CHICAGO (CBS) — The House and Senate are gearing up to combine their tax reform bills now that the Senate has passed their version.

The Senate narrowly passed Republicans’ tax reform legislation early Saturday morning with no Democratic support, following a marathon voting session overnight, CBS News reports.

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Republicans hope to come to an agreement and get a bill on President Donald Trump’s desk by Christmas. Trump praised the bill’s passage in a Saturday morning tweet.

Meantime, a lot of homeowners have questions about how a tax change will impact them. For some, several deductions we’ve come to depend on could disappear. So, who’s going to take the biggest hit?

“We don’t know what the end effect is going to be, because we don’t know exactly what the bill is. The impact is on a small percentage of homeowners,” said Laura Ellis, of Baird & Warner Real Estate.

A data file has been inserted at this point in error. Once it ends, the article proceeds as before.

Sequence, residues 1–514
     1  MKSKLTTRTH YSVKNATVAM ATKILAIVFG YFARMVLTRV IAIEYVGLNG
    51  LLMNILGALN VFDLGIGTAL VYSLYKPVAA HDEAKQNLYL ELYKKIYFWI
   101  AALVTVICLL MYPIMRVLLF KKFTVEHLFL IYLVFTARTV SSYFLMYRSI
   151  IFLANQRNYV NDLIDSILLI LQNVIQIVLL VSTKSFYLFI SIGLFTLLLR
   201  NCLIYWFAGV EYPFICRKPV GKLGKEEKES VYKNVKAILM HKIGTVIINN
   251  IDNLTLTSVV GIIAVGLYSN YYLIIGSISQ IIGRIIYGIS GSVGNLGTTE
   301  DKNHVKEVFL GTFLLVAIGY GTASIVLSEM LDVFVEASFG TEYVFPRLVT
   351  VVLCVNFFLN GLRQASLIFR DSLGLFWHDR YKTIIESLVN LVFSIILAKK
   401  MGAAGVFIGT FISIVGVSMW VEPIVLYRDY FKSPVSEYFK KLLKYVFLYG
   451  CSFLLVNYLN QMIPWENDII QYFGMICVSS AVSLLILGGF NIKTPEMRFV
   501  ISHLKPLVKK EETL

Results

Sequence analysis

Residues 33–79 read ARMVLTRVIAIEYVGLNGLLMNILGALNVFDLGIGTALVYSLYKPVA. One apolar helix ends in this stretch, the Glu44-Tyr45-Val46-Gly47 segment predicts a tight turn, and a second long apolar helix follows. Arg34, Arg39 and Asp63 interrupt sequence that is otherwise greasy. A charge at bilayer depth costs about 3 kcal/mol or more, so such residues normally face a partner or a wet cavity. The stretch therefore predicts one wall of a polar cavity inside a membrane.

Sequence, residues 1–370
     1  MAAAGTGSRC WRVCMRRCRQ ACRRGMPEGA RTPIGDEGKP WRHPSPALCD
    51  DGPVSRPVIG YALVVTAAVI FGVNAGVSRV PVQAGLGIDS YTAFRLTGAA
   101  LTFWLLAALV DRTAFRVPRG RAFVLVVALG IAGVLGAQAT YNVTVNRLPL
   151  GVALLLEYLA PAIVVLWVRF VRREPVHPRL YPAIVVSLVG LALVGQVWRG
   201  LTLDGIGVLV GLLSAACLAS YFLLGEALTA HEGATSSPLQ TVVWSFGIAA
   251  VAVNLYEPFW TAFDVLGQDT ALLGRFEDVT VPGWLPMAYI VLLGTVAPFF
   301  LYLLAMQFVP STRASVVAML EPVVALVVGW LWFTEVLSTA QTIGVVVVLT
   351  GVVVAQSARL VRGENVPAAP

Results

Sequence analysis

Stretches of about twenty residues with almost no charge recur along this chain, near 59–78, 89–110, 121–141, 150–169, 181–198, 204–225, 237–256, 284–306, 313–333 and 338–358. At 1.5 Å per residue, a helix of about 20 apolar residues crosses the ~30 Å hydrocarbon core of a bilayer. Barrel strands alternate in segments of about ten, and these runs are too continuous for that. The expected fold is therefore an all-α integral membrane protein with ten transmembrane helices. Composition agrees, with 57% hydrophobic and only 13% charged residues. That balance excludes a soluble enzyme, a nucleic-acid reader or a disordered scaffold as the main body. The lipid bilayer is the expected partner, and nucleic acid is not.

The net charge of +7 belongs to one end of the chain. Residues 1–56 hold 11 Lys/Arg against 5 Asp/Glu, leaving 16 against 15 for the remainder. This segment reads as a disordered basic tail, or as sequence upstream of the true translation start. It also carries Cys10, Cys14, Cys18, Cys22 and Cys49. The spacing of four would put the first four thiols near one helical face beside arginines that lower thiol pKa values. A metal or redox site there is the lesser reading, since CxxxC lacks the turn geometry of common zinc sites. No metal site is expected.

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Ellis is referring to homeowners who pay more than $10,000 in property taxes. According to the National Association of Realtors (NAR), that represents about 10 percent of homeowners in Illinois. Proposals by both the House and the Senate put a $10,000 cap on the deductible.

“So, if you have a $20,000 property tax bill on your home, you’re only allowed to deduct up to $10,000,” Ellis said.

New homebuyers will face another cap. For example, if you get a mortgage at $499,000 with a 30-year fixed at four percent, your deductible interest would be about $19,000 — and you can claim it all. However, if you’re paying on a $750,000 house, and everything else is the same, but your deductible interest is about $29,000, you’d still only be able to deduct $19,000.

Wealthy buyers get hit.

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Bottom line? Whether lawmakers adopt the House or Senate proposals, current homeowners don’t have to worry about a limit on their mortgage interest deductions — they will be grandfathered in. You only face limits if you buy a new home with a mortgage over $500,000.